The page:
• Delays in receiving the first payment are common. The five-week wait is the minimum wait time for the first payment. The National Audit Office (NAO) reported that in March 2018, 21 per cent of new claimants did not receive their full entitlement on time and 13 per cent received no payment on time. [5]
  • The complex online application process is difficult for claimants. The DWP’s own survey showed only half (54 per cent) of claimants were able to register their claim online unassisted, with a further fifth (21 per cent) completing it online but with help.[6]
  • The model is based on the idea that people get paid monthly – which many do not in real life. Rigid monthly assessment periods do not work for everyone.
  • Money has been taken out of UC. The 2015 summer Budget reduced work allowances by £3 billion, and the recent Budget only partially restored this by £1.7 billion. In addition, the 2015 summer budget froze benefit levels and reduced support to families with more than two children.
  • If the aim of UC is to make work pay, the taper rate (the rate at which benefits are reduced as income from work rises) needs to be looked at. And second earners, who are often women, miss out on the entitlement to a work allowance as it is only paid to one person in the household.
  • Families with a self-employed earner will face reductions in the level of support they receive on UC if they do not meet the ‘Minimum Income Floor’ (MIF). This requires them to earn the equivalent of 35 hours a week at the National Minimum Wage. This financial saving to the Treasury is in effect coming out of the pockets of the low-paid self-employed.
  • We are also seriously concerned about the process of managed migration.
    – Rather than automatic migration as the process of ‘managed migration’ suggests, the process requires claimants to end an existing claim and making a completely new claim.
    – The process of managed migration places the responsibility for transferring to UC from legacy benefit on the claimant.  This will cause considerable stress and anxiety to some claimants. If they are unable to understand and follow the UC rules, claimants can find their legacy benefits have ceased and they have no new benefit to move on to. While the DWP claim that this will not happen to those who are vulnerable, we question how they guarantee this under the regulations as they stand.

UC is causing severe hardship. In areas where it has been rolled out, there are more people turning to foodbanks, falling into rent arrears, getting into problem debt and suffering from physical and mental health problems.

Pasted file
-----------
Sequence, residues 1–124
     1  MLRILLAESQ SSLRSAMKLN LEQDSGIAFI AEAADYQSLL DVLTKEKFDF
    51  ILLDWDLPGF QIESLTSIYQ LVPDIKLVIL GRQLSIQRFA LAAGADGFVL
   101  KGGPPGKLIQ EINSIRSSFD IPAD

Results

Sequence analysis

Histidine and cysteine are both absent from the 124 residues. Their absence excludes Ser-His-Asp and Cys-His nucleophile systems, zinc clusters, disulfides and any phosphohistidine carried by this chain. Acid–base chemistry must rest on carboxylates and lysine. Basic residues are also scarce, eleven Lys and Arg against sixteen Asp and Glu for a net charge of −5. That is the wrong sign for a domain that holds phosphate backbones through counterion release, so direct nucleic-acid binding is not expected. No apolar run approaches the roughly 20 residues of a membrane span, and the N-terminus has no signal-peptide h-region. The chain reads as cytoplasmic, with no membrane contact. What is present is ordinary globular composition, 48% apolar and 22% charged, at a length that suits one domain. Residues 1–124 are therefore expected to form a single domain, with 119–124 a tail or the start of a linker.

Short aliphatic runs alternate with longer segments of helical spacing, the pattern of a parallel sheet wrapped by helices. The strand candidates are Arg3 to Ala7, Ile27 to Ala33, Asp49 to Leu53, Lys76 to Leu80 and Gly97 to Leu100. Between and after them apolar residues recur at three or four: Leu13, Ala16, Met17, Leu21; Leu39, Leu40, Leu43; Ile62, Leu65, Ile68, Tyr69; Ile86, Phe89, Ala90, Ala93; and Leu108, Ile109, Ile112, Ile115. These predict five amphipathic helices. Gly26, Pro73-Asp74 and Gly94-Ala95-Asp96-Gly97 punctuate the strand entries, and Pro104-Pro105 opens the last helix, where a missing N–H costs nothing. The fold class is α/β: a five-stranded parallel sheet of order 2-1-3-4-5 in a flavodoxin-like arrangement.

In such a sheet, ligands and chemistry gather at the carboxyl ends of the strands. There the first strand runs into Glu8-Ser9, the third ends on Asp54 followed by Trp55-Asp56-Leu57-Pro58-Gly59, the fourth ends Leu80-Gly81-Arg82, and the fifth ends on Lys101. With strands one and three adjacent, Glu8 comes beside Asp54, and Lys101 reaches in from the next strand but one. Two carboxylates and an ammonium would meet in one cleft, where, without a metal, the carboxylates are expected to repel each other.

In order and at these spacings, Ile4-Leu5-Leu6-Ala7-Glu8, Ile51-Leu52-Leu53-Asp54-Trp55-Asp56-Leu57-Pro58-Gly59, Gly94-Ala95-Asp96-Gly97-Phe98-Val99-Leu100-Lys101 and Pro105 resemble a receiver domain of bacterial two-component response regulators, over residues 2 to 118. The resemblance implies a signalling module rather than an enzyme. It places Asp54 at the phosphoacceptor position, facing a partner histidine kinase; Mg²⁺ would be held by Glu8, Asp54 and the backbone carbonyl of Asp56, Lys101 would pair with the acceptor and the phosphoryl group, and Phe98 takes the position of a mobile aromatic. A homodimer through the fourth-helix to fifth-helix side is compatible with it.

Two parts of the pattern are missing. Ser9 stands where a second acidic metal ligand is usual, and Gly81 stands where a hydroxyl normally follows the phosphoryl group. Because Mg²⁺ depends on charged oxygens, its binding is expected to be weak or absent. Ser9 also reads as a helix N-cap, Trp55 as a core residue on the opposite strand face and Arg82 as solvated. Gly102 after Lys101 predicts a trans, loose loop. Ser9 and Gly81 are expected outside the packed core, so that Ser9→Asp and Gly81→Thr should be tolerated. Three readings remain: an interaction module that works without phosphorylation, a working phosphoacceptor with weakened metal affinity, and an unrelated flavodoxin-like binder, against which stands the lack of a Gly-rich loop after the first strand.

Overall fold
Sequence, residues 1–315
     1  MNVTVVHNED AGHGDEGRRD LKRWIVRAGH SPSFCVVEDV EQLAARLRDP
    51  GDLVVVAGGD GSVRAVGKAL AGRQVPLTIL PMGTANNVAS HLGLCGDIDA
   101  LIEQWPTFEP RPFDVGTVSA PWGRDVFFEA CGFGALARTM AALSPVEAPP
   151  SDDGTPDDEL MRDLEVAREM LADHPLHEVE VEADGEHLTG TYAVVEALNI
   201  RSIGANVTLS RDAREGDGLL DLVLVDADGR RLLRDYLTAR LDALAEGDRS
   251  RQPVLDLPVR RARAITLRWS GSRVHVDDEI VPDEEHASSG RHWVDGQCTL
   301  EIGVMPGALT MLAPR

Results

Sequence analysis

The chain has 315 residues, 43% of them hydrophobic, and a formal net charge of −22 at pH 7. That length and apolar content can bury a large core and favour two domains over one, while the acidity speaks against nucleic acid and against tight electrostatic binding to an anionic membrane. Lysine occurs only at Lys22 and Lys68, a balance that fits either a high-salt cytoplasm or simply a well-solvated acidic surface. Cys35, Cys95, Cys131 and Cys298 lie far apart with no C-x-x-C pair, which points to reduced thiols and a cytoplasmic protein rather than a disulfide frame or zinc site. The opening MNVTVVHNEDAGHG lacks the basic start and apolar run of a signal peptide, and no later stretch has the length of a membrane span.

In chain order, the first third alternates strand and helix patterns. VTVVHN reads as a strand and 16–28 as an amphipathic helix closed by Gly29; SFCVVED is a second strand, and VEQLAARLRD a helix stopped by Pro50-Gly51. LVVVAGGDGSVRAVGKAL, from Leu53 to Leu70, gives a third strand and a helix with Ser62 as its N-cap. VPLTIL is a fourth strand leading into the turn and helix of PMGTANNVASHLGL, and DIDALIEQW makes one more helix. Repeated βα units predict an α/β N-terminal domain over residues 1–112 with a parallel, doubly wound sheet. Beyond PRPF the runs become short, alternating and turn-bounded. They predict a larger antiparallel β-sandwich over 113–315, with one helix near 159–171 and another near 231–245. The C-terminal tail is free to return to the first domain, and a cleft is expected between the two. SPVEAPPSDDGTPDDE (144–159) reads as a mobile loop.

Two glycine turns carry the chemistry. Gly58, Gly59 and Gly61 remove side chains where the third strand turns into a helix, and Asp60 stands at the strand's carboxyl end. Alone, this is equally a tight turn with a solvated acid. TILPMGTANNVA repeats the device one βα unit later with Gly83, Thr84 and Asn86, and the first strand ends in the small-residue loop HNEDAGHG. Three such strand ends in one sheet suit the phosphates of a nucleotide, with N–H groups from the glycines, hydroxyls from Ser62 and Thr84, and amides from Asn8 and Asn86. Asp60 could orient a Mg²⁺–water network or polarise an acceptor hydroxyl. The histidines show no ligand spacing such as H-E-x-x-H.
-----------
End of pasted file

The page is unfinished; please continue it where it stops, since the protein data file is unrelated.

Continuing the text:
Amber Rudd says “the overall product that is Universal Credit is absolutely compassionate… Some of the criticisms that have come from various publications have been based on one or two particular individuals where the advice hasn’t worked for them.”[7]

The evidence of the effects of UC seriously contradicts the Secretary of State.

The UN Special Rapporteur on extreme poverty and human rights on his visit to the UK said

“I have heard countless stories from people who told me of the severe hardships they have suffered under Universal Credit. When asked about these problems, Government ministers were almost entirely dismissive…”[8]

The policy and design of UC is fundamentally flawed; no amount of tinkering with the policy and design can fix it. The roll out of UC (whether this be natural or managed migration) needs to stop immediately, and the policy scrapped before it does any more damage.

We are looking for feedback on experiences of Universal Credit – especially for those who are in work. Please contact Anjum Klair – email aklair@tuc.org.uk

Unfortunately, the TUC is not in a position to give welfare/legal advice on individual cases



[1] https://hansard.parliament.uk/Commons/2018-11-05/debates/D15809FF-EAF7-4…

[2] https://www.gov.uk/government/speeches/universal-credit-personal-welfare

[3] http://cpag.org.uk/content/austerity-generation-impact-decade-cuts-famil…

[4] http://cpag.org.uk/content/high-court-finds-dwp-unlawful-universal-credi…

[5] https://www.nao.org.uk/report/rolling-out-universal-credit/

[6] https://www.gov.uk/government/publications/universal-credit-full-service…

[7] https://www.mirror.co.uk/news/politics/tory-amber-rudd-suggests-heartbre…

[8] https://www.ohchr.org/EN/NewsEvents/Pages/DisplayNews.aspx?NewsID=23881&…